The reality, however, is that the conditions necessary for a thriving startup ecosystem in Vancouver and in BC are still a work in progress.

The Compass report highlights several important factors when examining the potential of startup ecosystems.

A Full Spectrum of Investment. Successful ecosystems have access to sophisticated (and graduated levels) of financing that are attuned to stage. Successful early stage investors and angels invest in people, not just ideas and technology – therefore proximity and human connections matter. Investments at the earliest stages are founded on a network of trust and depend on catalysts like tech organizations, accelerators and community partners to curate platforms and gathering spaces to facilitate connections and investments.

Ready Access to Potential Customers. Successful ecosystems have a ready base of early customers, ready to help startups to prove out concepts, refine product designs and serve as references for broader market adoption.

Strong Base of Talent. Successful ecosystems have not only strong pools of technical talent, but also enough unique individuals who possess the rare quality to intuitively design a new process or product with truly broad appeal.

Ready Access to Mentors. Successful ecosystems have cultivated pools of talented mentors with strong startup experience. The 2012 Startup Genome Report found that entrepreneurs with mentors had three and a half times more growth and raised seven times more money than those without. In our most recent study of BCTIA Centre4Growth companies, we saw a median annual growth rate of 63%; almost four times the growth rate of most early stage tech companies.

While it hasn’t yet been proven if a thriving ecosystem improves success rates of each startup individually, it does act as a giant factory, producing massive numbers of startups by lubricating every step of the process. After that it’s a numbers game. You produce enough startups and many of them are bound to be successful. Several of them even wildly successful.” (Compass, 2015)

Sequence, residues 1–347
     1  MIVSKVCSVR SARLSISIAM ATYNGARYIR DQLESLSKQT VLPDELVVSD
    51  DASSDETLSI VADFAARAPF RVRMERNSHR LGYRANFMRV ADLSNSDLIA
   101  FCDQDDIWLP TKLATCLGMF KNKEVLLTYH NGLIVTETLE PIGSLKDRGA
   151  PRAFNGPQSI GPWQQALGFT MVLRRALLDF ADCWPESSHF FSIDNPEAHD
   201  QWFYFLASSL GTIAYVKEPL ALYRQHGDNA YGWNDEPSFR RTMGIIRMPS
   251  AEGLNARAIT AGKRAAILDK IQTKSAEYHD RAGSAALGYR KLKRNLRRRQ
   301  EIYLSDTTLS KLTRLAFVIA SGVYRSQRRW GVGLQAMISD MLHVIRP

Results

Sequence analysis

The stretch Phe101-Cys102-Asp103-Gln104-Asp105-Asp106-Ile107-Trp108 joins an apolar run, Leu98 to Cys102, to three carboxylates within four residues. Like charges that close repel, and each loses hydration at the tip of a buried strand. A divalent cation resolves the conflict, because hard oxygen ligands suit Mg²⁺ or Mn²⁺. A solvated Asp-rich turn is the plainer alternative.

The Compass report highlights many of the areas that Vancouver needs to work on to improve its standing as a top startup ecosystem. We’ve often remarked that ecosystem building is a team sport and we’re fortunate to have many of the players needed to succeed.

We took additional steps in the right direction this past month, broadening our ‘team’ by announcing that the BCTIA was partnering with PayPal Canada to launch a formalized FinTech cluster in Vancouver. We are now in the process of working with current FinTech leaders who haved raised their hands to collaborate with us in building the programming that will truly help them move the needle. From mentors, to access to customers, to investment, we recognize the work these companies have been doing, mostly under the radar, and we want to shine a spotlight on it by supporting them with the right resources.

The BCTIA also opened its Innovation Hub to welcome Pangaea Ventures and host meetings between our member companies and multi-nationals like Nitto DenkoSamsung SDIJSR CorporationMitsubishi Chemical HoldingsEvonik Industries and Solvay S.A. We also welcomed British Telecom for several days of meetings with our members, but we know this is just the beginning.

In the end, it’s about building a better farm team system – one that can catalyze our innate startup ethos into a successful startup ecosystem. We are on our way, and welcome to hearing your thoughts, ideas, and suggestions to help us move forward in this goal.

Bill Tam
President & CEO

In the News:

Pangaea Connection Day:

British Invasion: BT Tech Scouting Delegation Meets 30 High Potential BC Startups:

The Voice: Election 2015 – Tallying the Results:

BCTIA Collaborates with PayPal Canada to Launch Vancouver FinTech Cluster:

BCTIA Members Elect Board of Directors for 2015-2016:

TechPong Tournament of Startups Raises $72,000 for Refugee Crisis (via Techvibes):